Spread the raspberry jam over the partially-cooled bottom crust in an even layer, all the way to the edges.

Here’s the fussy part: take the remaining dough out of the fridge, and roll to 1/8-inch thick between two layers of lightly floured parchment or wax paper. Peel off the top layer of paper, and use a very sharp knife or blade to slice dough and parchment together into about 10 even strips, trimming and reserving scraps. Be sure to slice all the way through to the parchment, so that your strips are easily handled.

At this point, you’re going to lay strips of dough into a lattice (or lattice-like) crust). To lay a strip down, pick it up at either end by the parchment, hold it parchment-side down over the spot you want it to go, and flip it over. The strip will start to peel away from the parchment. Set the strip correctly in place, and peel back the parchment.

There are two options for how to do this:

1. Lay down two strips, in the same direction, one about 75% of the way to the left side of the tart and one 75% of the way to the right side. Turn the tart 90 degrees. Repeat: lay down two strips, in different spots, perpendicular to the first two you laid down. Turn tart again, and continue laying strips and turning tart until all strips have been used. This will give the illusion of a lattice, without all the fuss.

2. Say to hell with the lattice: lay half the strips in one direction, rotate the tart, and lay the other half down in the perpendicular to the first half.

The tart will look beautiful either way; but do us all a favor, and don’t try to actually weave these strips, because it won’t work.

When your top is arranged as you want it, bake about 1 hour. When jam is bubbling and top crust is browned, remove from the oven and set on a rack to cool, which will take 2-3 hours. Serve at room temperature. You might dust the top with powdered sugar before serving. Store in the fridge; tart is actually quite delicious after a night in the cold.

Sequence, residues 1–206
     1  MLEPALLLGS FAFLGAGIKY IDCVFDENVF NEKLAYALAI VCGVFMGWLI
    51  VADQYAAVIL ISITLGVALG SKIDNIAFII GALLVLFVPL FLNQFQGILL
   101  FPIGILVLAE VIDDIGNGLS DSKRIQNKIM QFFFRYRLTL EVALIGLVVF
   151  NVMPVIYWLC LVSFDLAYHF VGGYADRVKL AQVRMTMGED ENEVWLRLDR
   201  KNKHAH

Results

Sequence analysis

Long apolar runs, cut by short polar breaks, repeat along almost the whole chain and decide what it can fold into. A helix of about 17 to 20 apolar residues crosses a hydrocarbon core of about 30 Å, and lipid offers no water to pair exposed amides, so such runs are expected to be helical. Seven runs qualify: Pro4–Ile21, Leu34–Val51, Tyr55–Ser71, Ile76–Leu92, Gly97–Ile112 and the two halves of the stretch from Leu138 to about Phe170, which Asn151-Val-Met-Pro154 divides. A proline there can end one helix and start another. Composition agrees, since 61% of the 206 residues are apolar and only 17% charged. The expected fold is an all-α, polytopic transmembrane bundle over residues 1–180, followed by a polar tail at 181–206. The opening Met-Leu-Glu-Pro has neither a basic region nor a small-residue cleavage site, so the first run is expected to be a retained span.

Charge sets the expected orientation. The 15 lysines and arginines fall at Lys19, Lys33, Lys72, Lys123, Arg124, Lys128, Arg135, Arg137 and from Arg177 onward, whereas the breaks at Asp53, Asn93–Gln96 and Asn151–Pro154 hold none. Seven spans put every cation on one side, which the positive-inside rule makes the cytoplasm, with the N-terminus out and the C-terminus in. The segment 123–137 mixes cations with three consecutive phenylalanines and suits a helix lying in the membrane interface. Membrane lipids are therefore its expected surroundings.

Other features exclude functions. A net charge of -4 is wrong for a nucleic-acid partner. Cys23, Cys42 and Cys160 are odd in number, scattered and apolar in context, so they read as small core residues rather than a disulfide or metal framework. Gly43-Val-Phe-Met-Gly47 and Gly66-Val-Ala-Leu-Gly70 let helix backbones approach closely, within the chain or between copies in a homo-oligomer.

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1 Ciaochowlinda May 5, 2010

This is so similar to an Italian crostata, but kicked up a notch. Have to try this with my homemade jams.

2 T May 5, 2010

This is my Grandmother’s favorite dessert. Will have to make it for her sometime soon!

3 Trinity May 5, 2010

Rivka, the linzertorte looks great! I want to make the phyllo feta torte, too. Do you need to butter the phyllo before you start draping it in the bundt, or does the melted butter you pour on at the end do all the work?

4 rivka May 5, 2010

Trinity, so glad you like the linzertorte! It really is my fave. As for the feta phyllo, amazingly, you don’t have to butter the individual layers. The butter you pour over the top does the trick.

5 Tracy May 5, 2010

I just want a piece (or two) with a large glass of ice cold milk. :)

6 dining room tables May 6, 2010

My mouth is watering over the photos! It really looks so delicious! I want some now.

7 Dana May 6, 2010

I looove linzer torte. I’ve only made the recipe from Rick Rodger’s Kaffeehaus, but this looks delicious too!

8 Patricia Scarpin May 6, 2010

What a beautiful dessert! I’m a sucker for fruit desserts and love jams, too.

9 Melissa May 8, 2010

Did I miss it or did you not say how to do the raspberry filling? Please explain. I have never made anything like this before. Thanks

10 rivka May 8, 2010

Melissa, good catch! I was so caught up with the lattice crust, I forgot to mention that you actually put the raspberry jam in torte :) after you’ve partially baked the bottom crust, before you lay down the lattice, spread the raspberry jam over the bottom crust. Then lay the lattice overtop.

11 Cherine May 8, 2010

Gorgeous dessert. This linzer torte is irresistible!!

12 Jane May 8, 2010

Beautiful torte! Very, very nice job. Lovely photos too!